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Thread: Economic Geography career planning

  1. #1
         
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    Missouri
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    Economic Geography career planning

    I am planning to attend grad school for Economic Geography soon. If anyone else here is in the field, I'd be interested in finding out what the best schools are and the level of difficulty in gaining employment. Being a location expert or transportation planner/scheduler is certainly of my main interest. Any help is always greatly appreciated.

  2. #2
    Member
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    Dec 2004
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    Toronto
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    Regional Science

    Hello,

    In terms of economic geography you might want to look into regional science programs. This is a much more theoretical perspective in comparison to a formal planning degree. The only programs that I know of in regional science are Cornell, University of Illinois - Urbana and the London School of Economics. I am also told that Penn used to have one but they dont have one now. I hope that is kind of what you're looking for.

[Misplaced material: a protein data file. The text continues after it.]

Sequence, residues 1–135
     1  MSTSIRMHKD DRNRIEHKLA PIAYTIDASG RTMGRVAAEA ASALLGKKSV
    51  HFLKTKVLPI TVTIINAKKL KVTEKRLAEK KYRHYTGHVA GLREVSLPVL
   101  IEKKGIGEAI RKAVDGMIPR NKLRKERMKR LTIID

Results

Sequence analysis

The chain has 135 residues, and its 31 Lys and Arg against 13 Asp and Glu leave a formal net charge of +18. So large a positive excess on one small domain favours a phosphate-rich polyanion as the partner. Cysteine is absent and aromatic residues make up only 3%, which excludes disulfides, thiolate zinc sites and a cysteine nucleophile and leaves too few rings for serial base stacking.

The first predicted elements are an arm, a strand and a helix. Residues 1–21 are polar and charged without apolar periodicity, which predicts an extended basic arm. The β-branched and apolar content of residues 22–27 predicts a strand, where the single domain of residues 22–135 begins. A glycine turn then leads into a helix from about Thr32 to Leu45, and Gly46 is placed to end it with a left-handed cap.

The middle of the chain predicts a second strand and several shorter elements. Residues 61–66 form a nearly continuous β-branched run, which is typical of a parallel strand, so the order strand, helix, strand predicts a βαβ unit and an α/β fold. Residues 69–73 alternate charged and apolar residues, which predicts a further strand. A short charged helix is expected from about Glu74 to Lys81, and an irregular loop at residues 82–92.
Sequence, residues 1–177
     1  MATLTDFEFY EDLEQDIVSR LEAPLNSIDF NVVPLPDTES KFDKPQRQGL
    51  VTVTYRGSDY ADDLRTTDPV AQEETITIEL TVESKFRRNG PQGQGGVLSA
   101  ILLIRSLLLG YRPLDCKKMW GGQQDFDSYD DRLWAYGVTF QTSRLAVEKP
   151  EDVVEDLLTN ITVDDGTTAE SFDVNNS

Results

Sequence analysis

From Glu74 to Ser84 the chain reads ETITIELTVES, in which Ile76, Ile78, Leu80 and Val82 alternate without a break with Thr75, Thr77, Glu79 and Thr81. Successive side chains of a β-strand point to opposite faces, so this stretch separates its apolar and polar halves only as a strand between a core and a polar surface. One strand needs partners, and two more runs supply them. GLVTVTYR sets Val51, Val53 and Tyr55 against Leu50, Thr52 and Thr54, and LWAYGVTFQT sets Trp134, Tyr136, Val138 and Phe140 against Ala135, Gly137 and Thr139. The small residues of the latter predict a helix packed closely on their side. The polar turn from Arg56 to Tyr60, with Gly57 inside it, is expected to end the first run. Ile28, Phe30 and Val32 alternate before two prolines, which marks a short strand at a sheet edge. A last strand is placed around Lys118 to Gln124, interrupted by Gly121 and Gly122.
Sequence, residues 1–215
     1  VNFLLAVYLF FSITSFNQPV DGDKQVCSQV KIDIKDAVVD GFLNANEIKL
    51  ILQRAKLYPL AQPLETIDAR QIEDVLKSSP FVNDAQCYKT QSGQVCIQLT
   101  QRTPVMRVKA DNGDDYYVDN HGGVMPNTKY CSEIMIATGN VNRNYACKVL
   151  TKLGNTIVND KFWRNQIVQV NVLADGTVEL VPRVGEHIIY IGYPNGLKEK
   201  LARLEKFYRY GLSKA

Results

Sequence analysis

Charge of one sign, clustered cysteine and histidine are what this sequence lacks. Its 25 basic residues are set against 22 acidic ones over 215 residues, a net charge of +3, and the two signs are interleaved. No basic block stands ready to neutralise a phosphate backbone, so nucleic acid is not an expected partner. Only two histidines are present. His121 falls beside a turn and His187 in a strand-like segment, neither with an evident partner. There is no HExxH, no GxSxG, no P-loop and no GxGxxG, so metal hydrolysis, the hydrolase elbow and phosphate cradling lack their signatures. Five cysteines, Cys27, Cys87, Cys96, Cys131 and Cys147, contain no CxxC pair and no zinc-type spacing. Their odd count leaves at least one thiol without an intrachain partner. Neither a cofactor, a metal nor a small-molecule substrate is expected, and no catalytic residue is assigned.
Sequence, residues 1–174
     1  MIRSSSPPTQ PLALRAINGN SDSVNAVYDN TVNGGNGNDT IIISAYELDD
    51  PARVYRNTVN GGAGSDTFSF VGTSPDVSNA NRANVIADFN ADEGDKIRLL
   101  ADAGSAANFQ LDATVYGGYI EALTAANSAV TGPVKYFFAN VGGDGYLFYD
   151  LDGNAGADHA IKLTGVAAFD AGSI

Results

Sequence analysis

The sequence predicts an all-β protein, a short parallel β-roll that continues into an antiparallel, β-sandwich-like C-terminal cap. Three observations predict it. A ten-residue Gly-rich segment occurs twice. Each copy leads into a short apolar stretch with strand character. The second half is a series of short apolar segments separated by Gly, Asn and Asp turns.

Bennyd

  3. #3
         
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    thanks

    Well I do know that I enjoy many of the same topics that Urban Planners do but I have no desire to be an actual Urban Planner. A Location Expert, Market Researcher or Company Transport Planner would be more my kind of thing.

    I guess those official titles would fall more under Economic Geography or Social/Human Geography and I know of a few schools besides those you mentioned that do offer Economic Geography as a specilazed subject area under Geography.

    Anyway, thanks for the advice. I'll have to look in to this a bit more. If anyone else has anymore information it is always appreciated.

  4. #4
    Cyburbian Cardinal's avatar
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    I have a masters in urban and economic geography from Northern Illinois University. While the departmet is exceptional, I cannot say the same for the university as a whole anymore. The University of Minnesota would be my first choice, followed by the University of Washington.

    My thesis was on the relocation of manufacturing firms. I basically charted the origin and destination locations of all of the manufacturers moving in the Chicago are during a 5-year period, and then tried to look at different ways to characterize these firms. What factors might have contributed to their move? How does the move differ according to the type of firm? Things like that. By creating a grid and assigning the number of firms moving to/from that grid, and then regressing the polynomials of the lattitudes and longitudes of the centers of the grids, I created a trend surface that inadvertantly mapped John Fraser Hart's perimetropolitan bow wave. It made it into a text book last year.

    Anyway, I have been happily employed as an economic developer/planner for 16-17 years.
    Anyone want to adopt a dog?

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